Photo credit: Shewanda Riley

By Shewanda Riley

Regifting.  Chances are that you have either done it or have had it done to you. And for many people, regifting is the simplest way to get rid of presents that you received that you didn’t want. I had a conversation with my parents a few years about regifting Christmas gifts. Both me and my mother agreed that we’d done it because it was a way to be a blessing to others. Then one of the morning news shows did a story about the best way the to regift. One of the ways they mentioned was to add a little something of your own to your gift before you give it to somebody else. For example, if someone gave you a candle, they suggested buying a nice candleholder to go along with it.

Later, I thought about how we do the same thing with the gift that God gave of his only son Jesus. I thought about how we regift Jesus to others.   Some present lives that honor God through words and actions. Others regift God’s love with hypocrisy.  Matthew 6:4 says that we should “give our gifts in private, and our Father, who sees everything, will reward you.” For some, regifting Jesus follows this model.    They give their time, talent, or treasure in support of community organizations.  Others might take it one step further and create community organizations or ministries that help others. Rather than seek the “spotlight,” they work behind the scenes being a blessing to others. These people act as Jesus’ hands extended regifting his grace and love to others. Some choose to regift Jesus by encouraging others.

In the last year, I’ve had the chance to be both the giver of and receiver of words of encouragement. When I was unsure and doubtful about personal and professional decisions I’d made, I was given words of encouragement that shifted my focus from my worries of the present to the promises of the future. Months later, when a friend was in a similar position questioning things that were happening in his life, I was able to offer him similar words of encouragement.    Even though some friends told me to send him on his way because he had too much “drama,” I had to regift God’s grace just as it had been given to me when I needed it most.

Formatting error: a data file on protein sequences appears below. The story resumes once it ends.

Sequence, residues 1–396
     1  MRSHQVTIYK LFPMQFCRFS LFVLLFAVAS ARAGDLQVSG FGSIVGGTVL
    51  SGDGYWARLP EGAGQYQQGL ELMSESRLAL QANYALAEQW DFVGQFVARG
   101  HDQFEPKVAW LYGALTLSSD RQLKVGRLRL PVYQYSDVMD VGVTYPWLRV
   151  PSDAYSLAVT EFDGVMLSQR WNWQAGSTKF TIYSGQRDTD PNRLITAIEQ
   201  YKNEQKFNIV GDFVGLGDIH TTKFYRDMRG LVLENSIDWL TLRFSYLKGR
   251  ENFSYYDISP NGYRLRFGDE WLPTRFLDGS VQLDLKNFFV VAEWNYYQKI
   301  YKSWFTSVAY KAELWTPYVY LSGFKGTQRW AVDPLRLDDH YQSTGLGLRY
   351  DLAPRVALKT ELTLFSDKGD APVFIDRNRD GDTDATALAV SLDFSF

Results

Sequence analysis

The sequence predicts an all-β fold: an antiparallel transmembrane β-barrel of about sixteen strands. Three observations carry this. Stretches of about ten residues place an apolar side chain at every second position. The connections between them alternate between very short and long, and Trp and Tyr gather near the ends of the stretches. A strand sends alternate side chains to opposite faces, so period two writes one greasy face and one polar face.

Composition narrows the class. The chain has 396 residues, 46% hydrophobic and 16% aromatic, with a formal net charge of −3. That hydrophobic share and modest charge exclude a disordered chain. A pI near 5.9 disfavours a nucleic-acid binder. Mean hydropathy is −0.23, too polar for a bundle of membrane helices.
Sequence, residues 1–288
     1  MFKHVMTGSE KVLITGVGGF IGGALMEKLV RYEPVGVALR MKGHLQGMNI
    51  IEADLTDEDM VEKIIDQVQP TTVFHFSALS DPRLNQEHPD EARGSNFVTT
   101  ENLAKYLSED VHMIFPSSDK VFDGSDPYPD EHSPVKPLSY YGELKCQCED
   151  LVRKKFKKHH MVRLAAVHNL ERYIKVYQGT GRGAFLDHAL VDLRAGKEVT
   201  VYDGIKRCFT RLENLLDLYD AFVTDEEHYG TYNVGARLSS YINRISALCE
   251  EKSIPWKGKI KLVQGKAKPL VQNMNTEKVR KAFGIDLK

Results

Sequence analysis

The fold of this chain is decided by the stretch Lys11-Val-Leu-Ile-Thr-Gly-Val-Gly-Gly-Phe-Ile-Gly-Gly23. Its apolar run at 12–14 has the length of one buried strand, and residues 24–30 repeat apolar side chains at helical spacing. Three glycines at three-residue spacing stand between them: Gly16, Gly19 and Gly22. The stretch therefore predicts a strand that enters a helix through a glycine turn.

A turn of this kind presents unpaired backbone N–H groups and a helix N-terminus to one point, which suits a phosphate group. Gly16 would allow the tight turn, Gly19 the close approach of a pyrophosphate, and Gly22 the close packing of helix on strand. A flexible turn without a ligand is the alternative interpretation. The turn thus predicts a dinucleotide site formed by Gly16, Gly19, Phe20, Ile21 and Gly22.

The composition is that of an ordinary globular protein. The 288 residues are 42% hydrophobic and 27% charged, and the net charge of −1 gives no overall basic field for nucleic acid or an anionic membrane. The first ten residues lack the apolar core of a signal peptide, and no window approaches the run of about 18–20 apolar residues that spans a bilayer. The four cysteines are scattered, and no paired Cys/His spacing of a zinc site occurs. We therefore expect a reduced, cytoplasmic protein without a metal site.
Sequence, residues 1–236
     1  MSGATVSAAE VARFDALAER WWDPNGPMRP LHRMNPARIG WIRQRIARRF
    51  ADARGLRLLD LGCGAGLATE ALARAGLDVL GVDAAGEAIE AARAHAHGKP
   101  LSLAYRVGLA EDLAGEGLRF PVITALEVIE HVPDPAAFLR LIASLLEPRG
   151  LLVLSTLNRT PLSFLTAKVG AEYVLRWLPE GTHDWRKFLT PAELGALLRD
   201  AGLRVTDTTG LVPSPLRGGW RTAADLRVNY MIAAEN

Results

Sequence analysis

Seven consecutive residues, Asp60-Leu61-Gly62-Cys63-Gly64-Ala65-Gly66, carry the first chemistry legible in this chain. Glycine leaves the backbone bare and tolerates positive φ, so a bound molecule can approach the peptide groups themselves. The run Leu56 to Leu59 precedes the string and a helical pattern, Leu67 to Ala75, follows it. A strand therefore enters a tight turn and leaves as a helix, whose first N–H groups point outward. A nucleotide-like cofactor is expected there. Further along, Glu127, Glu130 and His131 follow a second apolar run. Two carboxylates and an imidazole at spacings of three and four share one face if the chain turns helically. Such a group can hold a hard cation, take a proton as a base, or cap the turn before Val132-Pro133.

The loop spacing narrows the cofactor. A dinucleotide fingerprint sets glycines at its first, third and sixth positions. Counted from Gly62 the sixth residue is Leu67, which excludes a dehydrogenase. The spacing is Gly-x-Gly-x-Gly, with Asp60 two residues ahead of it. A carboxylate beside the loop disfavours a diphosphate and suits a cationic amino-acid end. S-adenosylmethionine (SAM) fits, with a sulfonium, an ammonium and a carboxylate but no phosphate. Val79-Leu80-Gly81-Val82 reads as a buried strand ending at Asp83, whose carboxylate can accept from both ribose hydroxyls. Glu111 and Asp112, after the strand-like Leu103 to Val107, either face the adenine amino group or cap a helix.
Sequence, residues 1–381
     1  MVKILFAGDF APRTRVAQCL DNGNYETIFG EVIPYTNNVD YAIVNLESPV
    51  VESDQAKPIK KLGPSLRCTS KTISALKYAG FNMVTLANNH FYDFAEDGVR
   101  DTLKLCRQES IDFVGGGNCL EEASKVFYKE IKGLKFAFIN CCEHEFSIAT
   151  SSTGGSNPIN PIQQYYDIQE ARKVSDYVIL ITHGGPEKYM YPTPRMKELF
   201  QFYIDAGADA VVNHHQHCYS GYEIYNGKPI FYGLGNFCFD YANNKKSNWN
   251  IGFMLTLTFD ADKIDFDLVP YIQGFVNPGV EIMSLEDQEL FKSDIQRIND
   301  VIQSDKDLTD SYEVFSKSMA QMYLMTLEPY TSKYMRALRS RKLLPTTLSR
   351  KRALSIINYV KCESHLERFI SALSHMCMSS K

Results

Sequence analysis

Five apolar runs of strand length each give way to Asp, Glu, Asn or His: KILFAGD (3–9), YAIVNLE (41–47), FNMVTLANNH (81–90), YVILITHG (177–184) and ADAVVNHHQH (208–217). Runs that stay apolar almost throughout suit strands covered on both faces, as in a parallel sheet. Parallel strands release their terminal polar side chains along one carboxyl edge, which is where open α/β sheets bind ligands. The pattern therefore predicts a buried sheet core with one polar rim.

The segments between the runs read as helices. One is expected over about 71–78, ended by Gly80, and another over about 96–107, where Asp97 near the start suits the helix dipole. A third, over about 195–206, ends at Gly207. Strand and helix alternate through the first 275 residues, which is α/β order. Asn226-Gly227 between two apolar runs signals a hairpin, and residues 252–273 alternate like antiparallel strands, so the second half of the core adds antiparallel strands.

Another way to regift Jesus to others is to speak words of encouragement to others. 1 Thessalonians 5:11 says “therefore encourage one another and build each other up.” Encouragement isn’t necessarily deeply spiritual; sometimes it’s just sincere words that uplift and inspire others. These can be as simple as “You can make it!” or “Things are going to get better” or “You are smart/handsome/beautiful.”  These simple words may seem insignificant but to those who need to hear them, they can transform a life. Some might forget about big gift giving until next Christmas, but we should always remember to regift God’s grace. No matter how much money we have, we can always gift and regift God’s grace.

Merry Christmas and a Happy New Year!

Shewanda Riley (Aunt Wanda), PhD, is a Fort Worth-based author of “Love Hangover: Moving from Pain to Purpose After a Relationship Ends” and “Writing to the Beat of God’s Heart: A Book of Prayers for Writers.”   Email her at or follow her on Twitter @shewanda.   You can also listen to her podcast at